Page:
Though this may sound disgusting, I have found Black Soldier fly larvae to be the piranhas of the larvae world. It is not that they eat other larvae (such as fruit fly larvae) but rather it is that they out-compete every other fly in relation to all the food scraps that humans produce as well as a host of other things that I will not mention in this blog post. But I will say how cool it is to throw old slices of pizza, fat, bones and other scraps (that you wouldn’t do in a conventional compost situation) into a bin in which they are (within hours) recycled into high quality compost. There is a very good illustration of this in a youtube video with black soldier flies and a hamburger. It is amazing how much heat they produce when they are in mass. This heat does seem to be a factor in helping them to break down things such as whole pieces of rotten fruit or bones.

Black Soldier Flies laying eggs in the food scraps compost bin

So now, I am able to supply each of my nearby gardening friends who have both chickens and compost piles with a great supply of both composters and feed. Should you find any of these friends in a compost bin near you, be sure to welcome them in and enjoy the benefits that result.

Black Soldier Fly Larvae with resulting composted material

About 2-3 minutes of Black Soldier Fly activity - Enjoy!

Wednesday, May 24, 2017

Springing to Life

Although spring has been late in coming, it is finally warm enough to have my garden truly blossom. My garlic and onions are continuing to grow, though I did have to push my garlic over to keep it from heading. Temperatures here in Fairfield are fluctuating between the low 70s and the 90s during the day and between the 50s to 60s at night. The 90 degree temperatures have caused my lettuce to begin bolting, though my Jericho Lettuce never became bitter even when it began to bolt – a wonderful quality about the Jericho Lettuce cultivar. My Spanish round radishes have begun to bolt. I am really not a fan of these plants, but for the sake of keeping a wall of spicy plants I have kept them around to seed. Perhaps I can grow them again next fall for the same purpose.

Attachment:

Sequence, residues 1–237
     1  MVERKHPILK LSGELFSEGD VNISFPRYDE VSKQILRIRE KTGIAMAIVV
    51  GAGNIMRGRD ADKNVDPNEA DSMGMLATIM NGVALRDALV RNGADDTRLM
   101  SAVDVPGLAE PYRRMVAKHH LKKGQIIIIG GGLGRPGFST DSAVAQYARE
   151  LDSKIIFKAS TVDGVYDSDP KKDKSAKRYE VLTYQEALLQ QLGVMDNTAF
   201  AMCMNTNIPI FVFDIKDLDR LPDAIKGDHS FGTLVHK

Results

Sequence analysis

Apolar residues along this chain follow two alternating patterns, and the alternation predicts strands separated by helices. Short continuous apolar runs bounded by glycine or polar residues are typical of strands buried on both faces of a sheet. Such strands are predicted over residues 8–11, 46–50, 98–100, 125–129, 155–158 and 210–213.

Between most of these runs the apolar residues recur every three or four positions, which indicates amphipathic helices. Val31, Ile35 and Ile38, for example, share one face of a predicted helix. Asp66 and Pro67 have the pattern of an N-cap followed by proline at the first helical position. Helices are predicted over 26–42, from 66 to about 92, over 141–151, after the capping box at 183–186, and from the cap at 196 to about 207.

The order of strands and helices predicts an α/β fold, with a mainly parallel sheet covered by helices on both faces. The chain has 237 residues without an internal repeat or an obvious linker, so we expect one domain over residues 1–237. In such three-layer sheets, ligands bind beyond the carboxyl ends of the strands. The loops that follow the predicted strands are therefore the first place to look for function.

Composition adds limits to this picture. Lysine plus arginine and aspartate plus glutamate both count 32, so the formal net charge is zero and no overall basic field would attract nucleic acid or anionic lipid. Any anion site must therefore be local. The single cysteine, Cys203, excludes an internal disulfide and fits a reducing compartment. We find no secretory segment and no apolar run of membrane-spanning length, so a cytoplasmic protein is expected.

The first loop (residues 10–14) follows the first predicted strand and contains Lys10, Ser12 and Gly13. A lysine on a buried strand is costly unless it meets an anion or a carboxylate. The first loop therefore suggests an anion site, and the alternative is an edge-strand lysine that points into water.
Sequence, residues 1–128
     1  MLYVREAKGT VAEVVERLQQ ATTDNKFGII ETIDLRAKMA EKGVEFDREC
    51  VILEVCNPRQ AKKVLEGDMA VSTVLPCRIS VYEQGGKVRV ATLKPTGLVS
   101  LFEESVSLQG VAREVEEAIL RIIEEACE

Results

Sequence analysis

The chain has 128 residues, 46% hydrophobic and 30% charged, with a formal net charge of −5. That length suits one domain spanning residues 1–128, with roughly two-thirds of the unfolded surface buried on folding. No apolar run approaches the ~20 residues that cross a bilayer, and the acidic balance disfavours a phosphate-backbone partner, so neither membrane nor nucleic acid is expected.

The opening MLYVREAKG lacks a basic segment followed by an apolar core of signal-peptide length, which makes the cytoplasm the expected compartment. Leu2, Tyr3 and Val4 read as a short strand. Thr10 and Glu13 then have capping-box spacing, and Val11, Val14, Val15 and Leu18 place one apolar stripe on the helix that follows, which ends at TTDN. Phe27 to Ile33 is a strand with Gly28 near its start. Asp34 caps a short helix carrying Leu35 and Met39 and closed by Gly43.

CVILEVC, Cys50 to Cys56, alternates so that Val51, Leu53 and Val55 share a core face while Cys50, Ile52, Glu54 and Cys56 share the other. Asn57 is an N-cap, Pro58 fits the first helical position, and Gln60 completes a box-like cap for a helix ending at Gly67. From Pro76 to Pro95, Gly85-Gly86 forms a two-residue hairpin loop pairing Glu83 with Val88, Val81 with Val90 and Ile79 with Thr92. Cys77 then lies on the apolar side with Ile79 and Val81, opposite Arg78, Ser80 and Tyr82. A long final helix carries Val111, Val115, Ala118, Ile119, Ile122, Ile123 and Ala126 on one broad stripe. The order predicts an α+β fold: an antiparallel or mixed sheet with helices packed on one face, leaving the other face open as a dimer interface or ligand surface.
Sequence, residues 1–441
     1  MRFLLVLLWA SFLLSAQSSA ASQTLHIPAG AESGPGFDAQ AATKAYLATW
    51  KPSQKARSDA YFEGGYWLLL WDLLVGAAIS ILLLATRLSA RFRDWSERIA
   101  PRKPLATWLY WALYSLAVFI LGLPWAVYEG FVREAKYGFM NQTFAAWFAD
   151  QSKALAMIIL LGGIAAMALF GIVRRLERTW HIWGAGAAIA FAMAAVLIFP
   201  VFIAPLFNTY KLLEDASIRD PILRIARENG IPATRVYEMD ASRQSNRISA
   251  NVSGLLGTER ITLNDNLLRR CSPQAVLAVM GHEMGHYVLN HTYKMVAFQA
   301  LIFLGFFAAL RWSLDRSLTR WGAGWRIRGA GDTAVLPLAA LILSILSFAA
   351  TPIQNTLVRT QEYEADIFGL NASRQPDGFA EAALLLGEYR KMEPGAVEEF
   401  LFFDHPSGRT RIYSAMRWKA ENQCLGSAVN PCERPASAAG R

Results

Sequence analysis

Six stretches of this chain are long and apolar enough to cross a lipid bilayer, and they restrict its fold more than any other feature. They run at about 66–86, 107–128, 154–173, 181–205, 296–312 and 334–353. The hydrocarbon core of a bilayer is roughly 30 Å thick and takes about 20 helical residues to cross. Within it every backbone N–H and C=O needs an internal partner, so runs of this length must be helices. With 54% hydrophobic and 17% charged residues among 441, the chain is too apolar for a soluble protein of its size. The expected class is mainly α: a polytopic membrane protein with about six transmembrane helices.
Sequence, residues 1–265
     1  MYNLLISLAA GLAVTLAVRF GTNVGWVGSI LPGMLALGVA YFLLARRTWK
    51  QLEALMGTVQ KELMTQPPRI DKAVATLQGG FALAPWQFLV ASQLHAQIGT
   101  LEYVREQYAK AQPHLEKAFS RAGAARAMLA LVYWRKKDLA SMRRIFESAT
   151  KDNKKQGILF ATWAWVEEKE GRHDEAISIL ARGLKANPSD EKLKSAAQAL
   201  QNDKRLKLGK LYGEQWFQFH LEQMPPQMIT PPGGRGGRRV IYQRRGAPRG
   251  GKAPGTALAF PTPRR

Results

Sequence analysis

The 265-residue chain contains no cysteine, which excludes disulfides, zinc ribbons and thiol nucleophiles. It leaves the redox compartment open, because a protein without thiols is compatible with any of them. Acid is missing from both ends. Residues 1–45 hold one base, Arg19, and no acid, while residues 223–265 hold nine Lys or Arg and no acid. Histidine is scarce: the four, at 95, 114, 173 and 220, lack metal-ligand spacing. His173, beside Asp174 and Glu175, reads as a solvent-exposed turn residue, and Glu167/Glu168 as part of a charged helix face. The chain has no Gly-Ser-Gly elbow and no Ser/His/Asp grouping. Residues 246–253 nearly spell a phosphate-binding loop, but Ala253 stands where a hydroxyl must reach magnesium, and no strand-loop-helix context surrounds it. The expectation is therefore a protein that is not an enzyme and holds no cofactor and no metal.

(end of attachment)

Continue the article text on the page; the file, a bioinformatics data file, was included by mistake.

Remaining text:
Carosello and Jericho lettuce with onions in the background

Even next to my new Greenhouse, my Oregon Sugar Pod II peas have done exceptionally well. Though the creator of Oregon Sugar Pod II has created some vegetable varieties that still need improvement, such as the tomato cultivar Siletz, Jim Baggett did a fantastic job with the Sugar Pod II.

Oregon Sugar Pod II Peas

Sugar Pod II Peas still producing

My tomatoes have grown a lot faster that I have anticipated, when compared with my carosello plants. The majority of my tomato plants are much larger than I would prefer. Although I planted all determinate plants this year, determinate does not necessarily mean short. Next year, I will most likely opt for all dwarf varieties, much like my Redhouse Freestanding and Hahms Gelbe tomatoes. The most amazing producer so far has been my Taxi tomato. This variety is developing its flowers and fruits so much faster than my other tomato varieties, even in the presence of minimal light. I’m hoping the taste is as good as people say it is.

Red House Freestanding Tomato

Redhouse Freestanding surrounded by Hahms Gelbe

Taxi Tomato Variety

At last, the carosello have finally taken off. The cold wet weather made it difficult for the plants to grow. For a while, though the leaves were light green, they have become darker as the temperature has increased. I wonder if melon plants metabolize nutrients more effectively when the soil temperature warms up. Female fruits are finally beginning to emerge. As the Carosello Polisello varieties I have are not completely stable, I am still planning on self-pollinating them with each plant’s own pollen until the fruit matures enough to be able to determine which plant produces a lighter base skin color.

Carosello finally taking off! (=

Finally, a female flower

It is incredibly wonderful how well my garden has grown. Despite pruning and removing the occasional tomato plant, everything has been growing to become beautiful.

carosello flowers are beautiful

Wishing all of you a spectacular spring!